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Author Notes:

Correspondence to: Michael K. Scullin, PhD, Department of Neurology, Emory University School of Medicine, 1841 Clifton Road, Room 506, Atlanta, GA 30329, USA. Email: michael.scullin@emory.edu

We are appreciative of Jill Shelton and Tyler Harrison for their helpful comments during the preparation of this article.


Research Funding:

This work was supported by the National Institutes on Health (grant number R01 NS-050595 to D.L.B., F32 AG-041543 to M.K.S., KL2 RR-025009 to L.M.T., UL1 RR-025008 for the Atlanta Clinical and Translational Science Institute).

M.K.S. was also partially supported by a Cottrell Fellowship from Emory University School of Medicine.


  • consolidation
  • sleep
  • working memory
  • training
  • Parkinson's disease
  • dementia with Lewy bodies

Nocturnal sleep enhances working memory training in Parkinson's disease but not Lewy body dementia


Journal Title:



Volume 135, Number 9


, Pages 2789-2797

Type of Work:

Article | Post-print: After Peer Review


Working memory is essential to higher order cognition (e.g. fluid intelligence) and to performance of daily activities. Though working memory capacity was traditionally thought to be inflexible, recent studies report that working memory capacity can be trained and that offline processes occurring during sleep may facilitate improvements in working memory performance. We utilized a 48-h in-laboratory protocol consisting of repeated digit span forward (short-term attention measure) and digit span backward (working memory measure) tests and overnight polysomnography to investigate the specific sleep-dependent processes that may facilitate working memory performance improvements in the synucleinopathies. We found that digit span backward performance improved following a nocturnal sleep interval in patients with Parkinson's disease on dopaminergic medication, but not in those not taking dopaminergic medication and not in patients with dementia with Lewy bodies. Furthermore, the improvements in patients with Parkinson's disease on dopaminergic medication were positively correlated with the amount of slow-wave sleep that patients obtained between training sessions and negatively correlated with severity of nocturnal oxygen desaturation. The translational implication is that working memory capacity is potentially modifiable in patients with Parkinson's disease but that sleep disturbances may first need to be corrected.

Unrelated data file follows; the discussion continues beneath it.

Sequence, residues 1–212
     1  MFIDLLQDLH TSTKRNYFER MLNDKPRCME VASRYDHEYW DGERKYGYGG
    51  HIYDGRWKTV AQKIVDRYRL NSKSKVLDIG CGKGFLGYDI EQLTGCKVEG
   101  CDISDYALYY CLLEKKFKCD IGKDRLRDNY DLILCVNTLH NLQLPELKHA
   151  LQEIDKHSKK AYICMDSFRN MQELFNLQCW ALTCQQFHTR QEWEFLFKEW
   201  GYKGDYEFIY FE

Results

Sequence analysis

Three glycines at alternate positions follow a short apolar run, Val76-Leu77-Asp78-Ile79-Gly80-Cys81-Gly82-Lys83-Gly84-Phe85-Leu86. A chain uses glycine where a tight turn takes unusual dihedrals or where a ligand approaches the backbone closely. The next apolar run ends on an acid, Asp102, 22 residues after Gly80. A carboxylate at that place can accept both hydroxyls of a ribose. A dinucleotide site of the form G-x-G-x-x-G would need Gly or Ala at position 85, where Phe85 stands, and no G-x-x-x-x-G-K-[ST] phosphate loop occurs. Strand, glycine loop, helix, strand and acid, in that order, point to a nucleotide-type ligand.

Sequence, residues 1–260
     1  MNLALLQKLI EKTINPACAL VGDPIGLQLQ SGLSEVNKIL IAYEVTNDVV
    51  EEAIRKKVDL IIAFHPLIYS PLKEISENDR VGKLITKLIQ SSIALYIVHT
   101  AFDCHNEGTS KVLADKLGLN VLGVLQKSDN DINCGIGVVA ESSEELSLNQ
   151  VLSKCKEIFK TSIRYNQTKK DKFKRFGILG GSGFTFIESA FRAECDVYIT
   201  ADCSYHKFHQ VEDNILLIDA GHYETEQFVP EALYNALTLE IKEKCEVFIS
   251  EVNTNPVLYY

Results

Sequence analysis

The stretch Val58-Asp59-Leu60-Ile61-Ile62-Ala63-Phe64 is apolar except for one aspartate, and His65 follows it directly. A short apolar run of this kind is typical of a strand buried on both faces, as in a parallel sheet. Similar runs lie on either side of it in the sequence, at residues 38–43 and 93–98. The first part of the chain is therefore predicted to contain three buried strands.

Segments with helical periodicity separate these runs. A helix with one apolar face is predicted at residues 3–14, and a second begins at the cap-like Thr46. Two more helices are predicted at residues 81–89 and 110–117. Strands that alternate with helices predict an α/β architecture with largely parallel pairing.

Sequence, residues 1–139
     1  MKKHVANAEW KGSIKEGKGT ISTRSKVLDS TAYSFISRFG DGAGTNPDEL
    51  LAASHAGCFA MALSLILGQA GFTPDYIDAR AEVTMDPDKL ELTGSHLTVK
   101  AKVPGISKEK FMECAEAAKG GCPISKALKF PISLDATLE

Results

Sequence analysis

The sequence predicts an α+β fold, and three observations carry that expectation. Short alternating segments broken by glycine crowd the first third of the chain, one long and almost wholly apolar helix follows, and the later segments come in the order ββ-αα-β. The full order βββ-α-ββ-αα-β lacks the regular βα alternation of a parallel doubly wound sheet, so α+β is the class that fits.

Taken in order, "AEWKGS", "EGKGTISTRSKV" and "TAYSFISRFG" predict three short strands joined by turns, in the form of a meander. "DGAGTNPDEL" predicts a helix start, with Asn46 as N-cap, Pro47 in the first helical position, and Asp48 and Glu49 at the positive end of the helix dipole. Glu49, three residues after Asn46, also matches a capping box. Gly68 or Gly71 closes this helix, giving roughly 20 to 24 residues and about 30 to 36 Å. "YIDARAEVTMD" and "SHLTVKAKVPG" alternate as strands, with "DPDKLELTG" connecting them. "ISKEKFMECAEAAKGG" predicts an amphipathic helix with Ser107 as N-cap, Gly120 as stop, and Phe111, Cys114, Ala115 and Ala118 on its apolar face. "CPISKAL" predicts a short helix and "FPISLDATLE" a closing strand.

Copyright information:

© The Author (2012). Published by Oxford University Press on behalf of the Guarantors of Brain. All rights reserved. For Permissions, please email: journals.permissions@oup.com

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